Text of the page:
What Is the Net Promoter Score?
You are only as good as your reputation. This is true in just about every facet of life, but it is particularly important in the business world. That’s why every business should know exactly where it stands with its customers -- the future of your company could depend on it.
But how do you determine just how happy your customers are? The best way to find out is to just ask them. OK, great, but how do you know how to interpret their responses?
The answer: a net promoter score (NPS). This score gives you a relatively objective measurement of how you’re performing in the eyes of your customers, and therefore whether you’re doing well or must fundamentally change as a company.
A good net promoter score is key not just for customer retention but also for finding new customers. Let’s dive into what a net promoter score is, how to calculate it, and how to improve it.
Overview: What is the net promoter score?
A net promoter score is a formula that determines just how likely customers are to recommend your product or service -- or even your company -- to their friends, family, or co-workers. The purpose of the NPS is to measure customer experience and forecast business growth.
The NPS relies on customer feedback. This feedback allows a company to determine where its strengths are and helps identify areas of improvement. A low NPS indicates the company has a lot of work to do to fix its products or its company image, whereas a high score shows that it is doing a good job and should continue to operate in the way it has been.
How to calculate your net promoter score
Calculating the NPS is simple and involves just two key metrics: detractors and promoters. A company sends out an NPS survey to customers asking them to rate on a 10-point scale (0-10) how likely they are to recommend their product or service to another person.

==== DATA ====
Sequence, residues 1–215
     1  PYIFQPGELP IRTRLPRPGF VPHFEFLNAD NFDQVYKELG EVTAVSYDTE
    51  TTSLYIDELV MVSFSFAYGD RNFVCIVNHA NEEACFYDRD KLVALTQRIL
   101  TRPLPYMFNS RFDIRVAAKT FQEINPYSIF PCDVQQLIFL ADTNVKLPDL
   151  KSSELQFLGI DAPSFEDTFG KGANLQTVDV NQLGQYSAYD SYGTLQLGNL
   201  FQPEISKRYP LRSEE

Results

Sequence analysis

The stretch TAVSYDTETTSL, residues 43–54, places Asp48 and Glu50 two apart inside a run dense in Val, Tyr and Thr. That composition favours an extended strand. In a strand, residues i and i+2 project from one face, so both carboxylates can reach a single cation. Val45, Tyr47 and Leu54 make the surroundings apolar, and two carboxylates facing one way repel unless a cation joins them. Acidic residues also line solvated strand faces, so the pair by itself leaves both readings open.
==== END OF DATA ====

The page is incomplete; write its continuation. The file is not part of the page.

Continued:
Consumers who rank the company badly (0-6) are called detractors, those who are in the 7-8 range are passives, and the high-rankers (9-10) are called promoters. Your NPS is determined by subtracting the percent of detractors from the promoters. This generates a score of between -100 and +100.
So, for example, if 5% of customers choose a number between 0-6, making them detractors, and 45% give you a 9 or 10, making them promoters (the remaining 50% falling in the 7-8 “passives” range), you would subtract 5 from 45 to get an NPS calculation of +40.
This would be a solid net promoter score, but it indicates the company has room for improvement. Perhaps the product needs more features, or your help desk has a large ticket backlog resulting in customer service delays that cause some would-be promoters to become passives. Or, perhaps you need a customer success manager to handle conflict resolution and turn those detractors into at least passives, if not promoters.
What can you do with the net promoter score?
An NPS gives you excellent insight into how your customers view you and whether you should improve customer care. Conduct a thorough analysis of NPS scores to further isolate customer segments and generate more insights on which types of customers are rating you higher than others. Don’t ignore the passives -- figure out what you must do to convert them into promoters.
Also, perform a cost analysis on robust promoters to see what it takes to get these particularly valuable customers. Using this information, you will be able to come up with a solid future strategy and determine what tactics it will take to achieve your sales goals based on a better understanding of customer needs.
How to improve your net promoter score for your business